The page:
Can the government ban campaign ads 60 days before an election?

There is a big campaign finance case to be heard by the US Supreme Court today.

The disputed regulation barring corporate and labor TV and radio ads as much as 60 days before an election is part of the Bipartisan Campaign Reform Act, widely known for its Senate sponsors, Mr. McCain and Russ Feingold (D., Wis.).

The provision aims to keep corporations and unions from using their wealth to unfairly influence elections, says Scott Nelson, an attorney with advocacy group Public Citizen. If the FEC loses, Mr. Nelson says, corporations and, to a lesser degree, unions, could spend "hundreds of millions of dollars" in the run-up to the next election for negative ads. . . .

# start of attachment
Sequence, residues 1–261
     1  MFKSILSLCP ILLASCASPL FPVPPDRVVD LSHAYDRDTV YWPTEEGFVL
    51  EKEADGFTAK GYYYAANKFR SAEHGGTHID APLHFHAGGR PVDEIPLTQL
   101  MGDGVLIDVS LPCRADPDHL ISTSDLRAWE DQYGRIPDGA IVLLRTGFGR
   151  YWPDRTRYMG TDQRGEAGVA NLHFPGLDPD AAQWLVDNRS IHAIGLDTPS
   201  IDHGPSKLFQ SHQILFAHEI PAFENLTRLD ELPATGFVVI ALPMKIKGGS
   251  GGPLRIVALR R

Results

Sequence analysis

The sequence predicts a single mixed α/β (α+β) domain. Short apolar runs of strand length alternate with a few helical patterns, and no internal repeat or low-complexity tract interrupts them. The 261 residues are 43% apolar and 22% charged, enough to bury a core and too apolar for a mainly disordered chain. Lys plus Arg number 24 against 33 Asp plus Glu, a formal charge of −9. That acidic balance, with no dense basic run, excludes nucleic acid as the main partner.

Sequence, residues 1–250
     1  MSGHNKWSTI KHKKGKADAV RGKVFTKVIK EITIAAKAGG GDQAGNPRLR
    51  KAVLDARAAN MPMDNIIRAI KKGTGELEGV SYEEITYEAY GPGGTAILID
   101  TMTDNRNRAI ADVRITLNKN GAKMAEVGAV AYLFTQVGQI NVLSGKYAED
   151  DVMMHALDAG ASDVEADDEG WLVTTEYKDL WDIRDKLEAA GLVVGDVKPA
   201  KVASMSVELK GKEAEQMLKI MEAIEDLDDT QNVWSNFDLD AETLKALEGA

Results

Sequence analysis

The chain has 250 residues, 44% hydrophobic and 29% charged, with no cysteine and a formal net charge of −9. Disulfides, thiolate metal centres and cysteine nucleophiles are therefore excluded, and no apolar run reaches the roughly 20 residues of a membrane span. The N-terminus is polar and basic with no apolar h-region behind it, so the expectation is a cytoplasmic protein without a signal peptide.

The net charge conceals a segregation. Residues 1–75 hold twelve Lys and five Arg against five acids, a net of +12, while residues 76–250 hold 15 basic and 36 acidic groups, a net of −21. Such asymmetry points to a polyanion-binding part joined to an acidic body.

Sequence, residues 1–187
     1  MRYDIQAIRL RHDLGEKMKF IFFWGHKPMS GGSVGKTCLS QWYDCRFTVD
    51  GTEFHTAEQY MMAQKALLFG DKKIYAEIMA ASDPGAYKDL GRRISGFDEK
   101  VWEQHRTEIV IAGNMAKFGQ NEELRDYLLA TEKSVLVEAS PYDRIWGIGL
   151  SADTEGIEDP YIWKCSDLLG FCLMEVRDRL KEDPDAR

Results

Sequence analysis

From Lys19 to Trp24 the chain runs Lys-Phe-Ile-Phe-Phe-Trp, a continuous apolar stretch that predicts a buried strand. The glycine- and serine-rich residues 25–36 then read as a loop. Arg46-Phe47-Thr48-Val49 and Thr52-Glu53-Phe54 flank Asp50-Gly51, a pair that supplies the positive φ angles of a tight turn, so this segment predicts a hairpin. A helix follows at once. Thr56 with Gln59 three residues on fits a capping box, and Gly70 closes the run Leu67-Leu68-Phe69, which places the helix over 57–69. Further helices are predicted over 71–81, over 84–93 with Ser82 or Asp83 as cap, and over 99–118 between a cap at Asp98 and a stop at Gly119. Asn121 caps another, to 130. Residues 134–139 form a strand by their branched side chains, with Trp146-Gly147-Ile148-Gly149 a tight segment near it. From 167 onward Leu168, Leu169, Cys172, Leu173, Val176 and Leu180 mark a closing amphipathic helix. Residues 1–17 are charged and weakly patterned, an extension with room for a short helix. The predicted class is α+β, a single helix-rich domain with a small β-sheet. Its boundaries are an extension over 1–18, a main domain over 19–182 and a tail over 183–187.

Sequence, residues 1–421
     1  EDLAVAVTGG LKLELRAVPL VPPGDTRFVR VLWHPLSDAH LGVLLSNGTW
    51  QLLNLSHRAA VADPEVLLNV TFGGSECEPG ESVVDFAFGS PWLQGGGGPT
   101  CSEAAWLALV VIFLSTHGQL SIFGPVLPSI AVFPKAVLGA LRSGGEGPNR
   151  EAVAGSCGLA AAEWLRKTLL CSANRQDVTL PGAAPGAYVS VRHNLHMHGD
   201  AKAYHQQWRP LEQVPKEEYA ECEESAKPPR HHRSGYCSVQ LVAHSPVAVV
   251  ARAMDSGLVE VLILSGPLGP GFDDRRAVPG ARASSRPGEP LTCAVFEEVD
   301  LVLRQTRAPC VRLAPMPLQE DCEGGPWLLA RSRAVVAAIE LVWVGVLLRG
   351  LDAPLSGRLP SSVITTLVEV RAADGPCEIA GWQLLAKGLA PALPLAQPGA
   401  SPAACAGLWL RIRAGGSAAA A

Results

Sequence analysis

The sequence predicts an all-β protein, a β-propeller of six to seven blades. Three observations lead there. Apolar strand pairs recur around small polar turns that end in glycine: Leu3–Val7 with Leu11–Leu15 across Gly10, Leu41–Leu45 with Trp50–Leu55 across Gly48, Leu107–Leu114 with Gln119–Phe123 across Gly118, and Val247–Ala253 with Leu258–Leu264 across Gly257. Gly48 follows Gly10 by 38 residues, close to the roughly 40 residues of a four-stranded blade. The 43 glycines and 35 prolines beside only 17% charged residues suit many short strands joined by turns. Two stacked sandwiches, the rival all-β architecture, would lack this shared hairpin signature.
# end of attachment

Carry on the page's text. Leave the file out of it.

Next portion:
My own research has shown that these various regulations protect incumbents from competition. But I have a hard time believing that interest groups taking out ads within 60 days before an election is not protected political speech. If individuals can't speak out on issues before an election what else is left to free speech?



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